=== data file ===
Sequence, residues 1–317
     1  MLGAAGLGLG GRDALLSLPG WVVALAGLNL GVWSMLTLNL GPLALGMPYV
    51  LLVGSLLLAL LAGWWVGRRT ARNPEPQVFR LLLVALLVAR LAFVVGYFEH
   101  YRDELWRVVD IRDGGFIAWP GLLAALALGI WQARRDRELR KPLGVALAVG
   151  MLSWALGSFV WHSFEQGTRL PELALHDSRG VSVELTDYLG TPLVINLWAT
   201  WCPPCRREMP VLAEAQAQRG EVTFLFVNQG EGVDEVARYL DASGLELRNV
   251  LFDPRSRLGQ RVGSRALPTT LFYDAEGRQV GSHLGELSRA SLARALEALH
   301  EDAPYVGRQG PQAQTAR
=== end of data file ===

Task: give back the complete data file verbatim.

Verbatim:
Sequence, residues 1–317
     1  MLGAAGLGLG GRDALLSLPG WVVALAGLNL GVWSMLTLNL GPLALGMPYV
    51  LLVGSLLLAL LAGWWVGRRT ARNPEPQVFR LLLVALLVAR LAFVVGYFEH
   101  YRDELWRVVD IRDGGFIAWP GLLAALALGI WQARRDRELR KPLGVALAVG
   151  MLSWALGSFV WHSFEQGTRL PELALHDSRG VSVELTDYLG TPLVINLWAT
   201  WCPPCRREMP VLAEAQAQRG EVTFLFVNQG EGVDEVARYL DASGLELRNV
   251  LFDPRSRLGQ RVGSRALPTT LFYDAEGRQV GSHLGELSRA SLARALEALH
   301  EDAPYVGRQG PQAQTAR